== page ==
Contributory negligence is one of the most commonly used negligence defenses. The defendant attempts to deny the plaintiff the right to action by claiming that the plaintiff’s own negligence played a large role in his injuries. In contributory negligence, both parties are guilty of negligence, but the plaintiff is not awarded any damages.
It is said that the plaintiff intervened in the defendant’s actions and made it more likely for the defendant to cause him injury. Just as the defendant has the duty to reduce the amount of undue risk to others, the plaintiff has the duty to protect himself from possible harm. Contributory negligence includes the plaintiff’s knowledge that the situations he was in, posed an unnecessary risk to himself and he should have taken precaution. If even a slight amount of contributory negligence is found on the plaintiff’s part, then it bars him from taking any action against the defendant.
“Last Clear Chance”:
The last clear chance rule is an exception to the contributory negligence defense which permits the plaintiff more freedom in taking action against a defendant when the plaintiff is also guilty of negligence. The last clear chance refers to an instance where the defendant had the last clear chance to avoid injuring the plaintiff, but did not take the opportunity.
It is often found that, the later action, or lack of action, by the defendant, caused the most harm in a situation; this points to a greater amount of fault on the part of the defendant. The last chance rule is generally upheld in cases where the plaintiff is in a helpless situation or the defendant is more aware of the perilous situation than is the plaintiff.
In cases where both the plaintiff and the defendant are both guilty of some degree of negligence, contributory negligence places liability solely on the plaintiff. This is often considered unfair and is the reason that a system of comparative negligence has emerged which weighs the amount of fault in both parties, to determine who is responsible for the plaintiff’s injuries. The apportionment of damages, where each party pays a portion of the injuries, has been divided into three systems: pure, modified, and slight-gross.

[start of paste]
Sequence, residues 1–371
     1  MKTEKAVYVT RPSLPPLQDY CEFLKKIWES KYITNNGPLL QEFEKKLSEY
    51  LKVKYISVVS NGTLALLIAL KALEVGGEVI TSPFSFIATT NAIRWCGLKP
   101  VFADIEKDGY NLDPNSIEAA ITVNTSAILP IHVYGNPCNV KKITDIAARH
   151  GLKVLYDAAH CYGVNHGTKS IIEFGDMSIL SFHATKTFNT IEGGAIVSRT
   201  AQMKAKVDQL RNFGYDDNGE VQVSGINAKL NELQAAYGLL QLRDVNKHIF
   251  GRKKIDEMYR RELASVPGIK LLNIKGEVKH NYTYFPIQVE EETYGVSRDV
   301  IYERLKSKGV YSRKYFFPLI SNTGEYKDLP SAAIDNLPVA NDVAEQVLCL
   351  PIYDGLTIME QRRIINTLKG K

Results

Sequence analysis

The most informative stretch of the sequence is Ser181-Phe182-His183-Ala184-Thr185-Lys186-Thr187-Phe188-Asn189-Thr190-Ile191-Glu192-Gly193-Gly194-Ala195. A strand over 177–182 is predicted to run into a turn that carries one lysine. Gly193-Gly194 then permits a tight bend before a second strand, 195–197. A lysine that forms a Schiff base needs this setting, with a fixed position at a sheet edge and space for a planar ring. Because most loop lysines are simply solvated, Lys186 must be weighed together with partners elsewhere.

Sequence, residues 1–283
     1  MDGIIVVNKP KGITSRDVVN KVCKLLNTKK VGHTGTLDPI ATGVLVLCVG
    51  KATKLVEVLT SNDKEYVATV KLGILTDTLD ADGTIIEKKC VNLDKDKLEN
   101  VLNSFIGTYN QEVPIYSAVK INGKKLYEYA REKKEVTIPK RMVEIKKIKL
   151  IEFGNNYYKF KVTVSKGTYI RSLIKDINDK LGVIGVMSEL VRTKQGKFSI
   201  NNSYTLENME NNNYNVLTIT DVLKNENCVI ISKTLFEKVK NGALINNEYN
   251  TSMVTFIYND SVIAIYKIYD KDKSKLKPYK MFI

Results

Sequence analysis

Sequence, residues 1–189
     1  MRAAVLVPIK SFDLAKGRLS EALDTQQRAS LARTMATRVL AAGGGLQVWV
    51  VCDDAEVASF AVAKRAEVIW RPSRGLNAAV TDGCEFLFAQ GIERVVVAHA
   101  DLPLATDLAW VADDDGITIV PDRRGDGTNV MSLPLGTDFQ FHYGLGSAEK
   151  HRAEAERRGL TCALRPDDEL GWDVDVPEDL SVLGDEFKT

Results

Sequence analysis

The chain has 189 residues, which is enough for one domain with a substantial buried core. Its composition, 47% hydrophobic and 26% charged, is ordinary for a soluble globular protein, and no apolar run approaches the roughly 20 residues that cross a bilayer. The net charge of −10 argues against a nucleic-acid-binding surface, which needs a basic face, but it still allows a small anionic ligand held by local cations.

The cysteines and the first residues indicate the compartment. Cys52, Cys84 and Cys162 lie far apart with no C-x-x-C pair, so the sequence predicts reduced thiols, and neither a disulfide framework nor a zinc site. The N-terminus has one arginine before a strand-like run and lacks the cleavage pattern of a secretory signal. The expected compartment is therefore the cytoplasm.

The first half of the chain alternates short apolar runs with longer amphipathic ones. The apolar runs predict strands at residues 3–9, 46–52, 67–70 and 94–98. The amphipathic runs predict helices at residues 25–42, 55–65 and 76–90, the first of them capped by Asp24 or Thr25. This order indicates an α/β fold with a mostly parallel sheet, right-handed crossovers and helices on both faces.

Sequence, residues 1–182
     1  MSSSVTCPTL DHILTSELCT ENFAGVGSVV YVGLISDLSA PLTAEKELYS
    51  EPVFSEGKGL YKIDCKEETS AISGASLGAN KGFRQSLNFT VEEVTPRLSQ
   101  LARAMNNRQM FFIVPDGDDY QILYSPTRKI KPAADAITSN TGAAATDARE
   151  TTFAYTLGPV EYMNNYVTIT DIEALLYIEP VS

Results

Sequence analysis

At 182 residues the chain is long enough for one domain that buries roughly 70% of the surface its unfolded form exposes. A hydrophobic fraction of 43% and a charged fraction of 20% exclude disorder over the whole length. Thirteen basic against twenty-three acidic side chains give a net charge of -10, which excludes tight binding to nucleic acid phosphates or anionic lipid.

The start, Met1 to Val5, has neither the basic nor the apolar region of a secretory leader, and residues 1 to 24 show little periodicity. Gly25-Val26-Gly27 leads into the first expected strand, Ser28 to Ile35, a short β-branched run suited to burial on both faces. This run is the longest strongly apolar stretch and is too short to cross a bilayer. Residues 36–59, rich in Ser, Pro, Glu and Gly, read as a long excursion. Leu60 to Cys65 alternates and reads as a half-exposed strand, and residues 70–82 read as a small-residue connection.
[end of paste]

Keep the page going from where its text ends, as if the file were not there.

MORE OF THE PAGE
In a pure system, contributory negligence does not bar the plaintiff from taking action, but awards him only a portion of the damages for which the defendant was responsible. In a modified system, a plaintiff is awarded damages only if his negligence is less than or equal to that of the defendant’s. A slight-gross system awards damages only if the plaintiff’s negligence is considered to be slight and the defendant’s is gross negligence. Comparative negligence has basically overridden the doctrine of last clear chance.
Assumption of Risk:
Assumption of risk implies a certain level of consent on the part of the plaintiff to engage in risky actions, without any duty of the defendant to protect the plaintiff. The aspect of duty in assumption of risk means that the plaintiff has entered into some kind of relationship with the defendant with full knowledge that it is not the defendant’s duty to protect the plaintiff from harm. When a plaintiff assumes risk, he must voluntarily chose to engage in this conduct; this can be seen through either express agreement or implied agreement.
In express agreement, the parties have a contract which excuses the defendant from all responsibility for injuries incurred by the plaintiff. This normally bars the plaintiff from taking any action against the defendant. Implied agreement is assumed through the plaintiff’s words or actions. The defense of assumption of risk is only applicable if the plaintiff engages in this assumption freely. The emergence of comparative negligence into negligence law has altered the way assumption of risk is looked at by the courts.